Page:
Using our Command

So now we have our service providers all connected and registering correctly, we can now look to start our application implementation. In this example I am going to take the easiest route to explain this, by using an API.

To begin with we need a controller that will allow us to inject what we need, this controller will be nice and simple to use, and the purpose of this one will be to allow users to create their own posts.

5namespace App\Http\Controller\API\V1\Posts;
7class StoreController
9 public function __construct(
10 private readonly Authenticatable $user,
11 private readonly CreatePostContract $command,
12 private readonly PostDataObjectFactoryContract $factory,
13 ) {}
15 public function __invoke(StoreRequest $request)
16 {
17 $postDataObject = $this->factory->make(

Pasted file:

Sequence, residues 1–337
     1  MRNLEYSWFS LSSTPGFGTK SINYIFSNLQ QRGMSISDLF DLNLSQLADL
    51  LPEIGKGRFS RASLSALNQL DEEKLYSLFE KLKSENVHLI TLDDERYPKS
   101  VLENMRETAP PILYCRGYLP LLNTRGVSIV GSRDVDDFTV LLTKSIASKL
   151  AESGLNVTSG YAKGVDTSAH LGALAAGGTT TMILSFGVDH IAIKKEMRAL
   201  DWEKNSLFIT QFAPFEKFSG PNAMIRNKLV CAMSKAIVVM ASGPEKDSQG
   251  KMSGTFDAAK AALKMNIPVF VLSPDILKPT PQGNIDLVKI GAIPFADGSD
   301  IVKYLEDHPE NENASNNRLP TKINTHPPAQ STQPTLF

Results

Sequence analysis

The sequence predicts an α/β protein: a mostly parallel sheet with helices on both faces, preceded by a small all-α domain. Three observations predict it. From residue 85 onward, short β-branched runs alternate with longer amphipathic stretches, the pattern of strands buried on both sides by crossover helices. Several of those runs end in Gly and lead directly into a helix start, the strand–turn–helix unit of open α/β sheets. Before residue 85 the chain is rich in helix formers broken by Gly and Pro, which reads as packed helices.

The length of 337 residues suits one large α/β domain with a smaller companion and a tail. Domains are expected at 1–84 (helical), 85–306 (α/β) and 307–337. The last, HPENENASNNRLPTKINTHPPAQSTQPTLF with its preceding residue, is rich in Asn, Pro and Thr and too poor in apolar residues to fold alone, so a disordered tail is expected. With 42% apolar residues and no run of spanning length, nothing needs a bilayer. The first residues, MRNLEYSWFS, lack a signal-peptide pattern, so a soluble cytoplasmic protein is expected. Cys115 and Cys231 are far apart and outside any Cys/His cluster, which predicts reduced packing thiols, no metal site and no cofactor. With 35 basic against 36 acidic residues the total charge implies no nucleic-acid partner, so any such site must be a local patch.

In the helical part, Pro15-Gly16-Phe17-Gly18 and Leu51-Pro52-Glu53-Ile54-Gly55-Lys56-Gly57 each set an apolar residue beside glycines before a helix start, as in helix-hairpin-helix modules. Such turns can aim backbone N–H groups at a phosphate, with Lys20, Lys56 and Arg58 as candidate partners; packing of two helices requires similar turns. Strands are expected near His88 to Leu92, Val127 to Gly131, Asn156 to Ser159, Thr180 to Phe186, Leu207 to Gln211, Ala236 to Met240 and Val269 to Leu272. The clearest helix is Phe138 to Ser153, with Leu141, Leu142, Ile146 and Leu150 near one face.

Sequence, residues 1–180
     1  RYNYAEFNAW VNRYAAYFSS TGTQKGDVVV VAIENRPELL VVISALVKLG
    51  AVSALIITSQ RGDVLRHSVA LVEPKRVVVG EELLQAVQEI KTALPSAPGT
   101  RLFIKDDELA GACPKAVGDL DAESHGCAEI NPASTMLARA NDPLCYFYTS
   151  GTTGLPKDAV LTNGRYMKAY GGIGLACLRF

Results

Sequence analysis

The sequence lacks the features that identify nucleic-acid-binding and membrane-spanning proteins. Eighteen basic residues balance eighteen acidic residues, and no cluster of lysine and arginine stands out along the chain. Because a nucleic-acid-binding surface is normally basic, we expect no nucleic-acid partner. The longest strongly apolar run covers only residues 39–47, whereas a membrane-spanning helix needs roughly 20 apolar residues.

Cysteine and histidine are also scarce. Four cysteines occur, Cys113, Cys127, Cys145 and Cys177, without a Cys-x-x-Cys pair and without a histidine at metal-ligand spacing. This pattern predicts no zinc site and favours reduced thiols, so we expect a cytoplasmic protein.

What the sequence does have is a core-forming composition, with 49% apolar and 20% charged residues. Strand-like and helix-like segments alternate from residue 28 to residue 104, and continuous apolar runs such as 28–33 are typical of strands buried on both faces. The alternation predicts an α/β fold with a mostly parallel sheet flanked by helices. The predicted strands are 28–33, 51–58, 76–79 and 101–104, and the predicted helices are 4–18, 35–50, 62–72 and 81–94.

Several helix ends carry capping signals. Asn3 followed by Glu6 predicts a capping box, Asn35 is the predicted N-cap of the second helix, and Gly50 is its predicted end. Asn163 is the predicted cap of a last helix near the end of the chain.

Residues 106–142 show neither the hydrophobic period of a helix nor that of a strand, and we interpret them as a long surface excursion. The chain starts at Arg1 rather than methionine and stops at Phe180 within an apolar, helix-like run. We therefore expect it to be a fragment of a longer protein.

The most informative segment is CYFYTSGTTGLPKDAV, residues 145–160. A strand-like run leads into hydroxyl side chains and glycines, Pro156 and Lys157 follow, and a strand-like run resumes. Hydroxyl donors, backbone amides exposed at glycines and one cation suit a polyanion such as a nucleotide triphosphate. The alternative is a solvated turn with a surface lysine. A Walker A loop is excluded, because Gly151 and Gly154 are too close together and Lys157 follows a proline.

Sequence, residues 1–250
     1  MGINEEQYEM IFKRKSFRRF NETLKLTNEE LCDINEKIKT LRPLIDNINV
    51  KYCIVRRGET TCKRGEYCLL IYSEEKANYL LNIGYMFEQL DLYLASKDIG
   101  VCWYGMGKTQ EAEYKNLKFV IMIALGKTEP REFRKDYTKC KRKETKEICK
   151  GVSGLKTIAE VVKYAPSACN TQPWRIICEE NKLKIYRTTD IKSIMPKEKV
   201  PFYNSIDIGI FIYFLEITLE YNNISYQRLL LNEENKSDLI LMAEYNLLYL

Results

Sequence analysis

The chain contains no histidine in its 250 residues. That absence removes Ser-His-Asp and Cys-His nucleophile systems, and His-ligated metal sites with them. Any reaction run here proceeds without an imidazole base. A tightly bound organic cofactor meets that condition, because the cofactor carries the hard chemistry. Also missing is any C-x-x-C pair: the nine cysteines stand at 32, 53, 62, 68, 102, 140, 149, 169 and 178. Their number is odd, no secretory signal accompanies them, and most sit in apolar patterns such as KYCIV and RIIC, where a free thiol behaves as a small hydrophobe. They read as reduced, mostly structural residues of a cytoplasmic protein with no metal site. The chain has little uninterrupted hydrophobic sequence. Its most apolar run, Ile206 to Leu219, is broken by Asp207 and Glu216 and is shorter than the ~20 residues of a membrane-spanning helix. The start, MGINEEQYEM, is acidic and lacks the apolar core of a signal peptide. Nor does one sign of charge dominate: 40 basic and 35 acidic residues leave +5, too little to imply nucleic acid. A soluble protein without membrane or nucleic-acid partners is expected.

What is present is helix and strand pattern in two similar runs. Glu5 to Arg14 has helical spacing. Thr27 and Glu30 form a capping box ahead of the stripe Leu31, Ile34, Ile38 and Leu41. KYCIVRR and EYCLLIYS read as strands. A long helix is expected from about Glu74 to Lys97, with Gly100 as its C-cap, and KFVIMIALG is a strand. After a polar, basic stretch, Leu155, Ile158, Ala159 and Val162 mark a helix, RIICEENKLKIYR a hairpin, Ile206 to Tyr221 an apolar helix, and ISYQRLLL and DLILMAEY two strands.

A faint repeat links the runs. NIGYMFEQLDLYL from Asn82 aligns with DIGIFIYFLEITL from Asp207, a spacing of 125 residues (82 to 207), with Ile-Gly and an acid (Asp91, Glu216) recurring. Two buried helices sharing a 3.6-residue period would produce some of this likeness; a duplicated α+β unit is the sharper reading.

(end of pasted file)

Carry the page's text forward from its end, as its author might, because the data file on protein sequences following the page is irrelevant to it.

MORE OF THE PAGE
18 attributes: $request->validated(),
19 );
21 $post = $this->command->handle(
22 post: $postDataObject,
23 user: $user->id,
24 );
26 return new JsonResponse(
27 data: new PostResource(
28 resource: $post,
29 ),
30 status: Http::CREATED,
31 );
32 }

In our Controllers constructor we are injecting:

  • Authenticatable: The currently authenticated user.
  • CreatePostContract: The Commands interface/contract to use.
  • PostDataObjectFactoryContract: The Data Object Factory interface/contract to use.

We then build up our data object, send it through to our command, and pass this instance through to a a JSON Response using a Laravel Resource. Some very simple steps we would be very used to taking in our controllers, but the benefit is that each injected class is interoperable through the container, and each part can be testing in isolation nicely as well as testing the controller in a Feature test.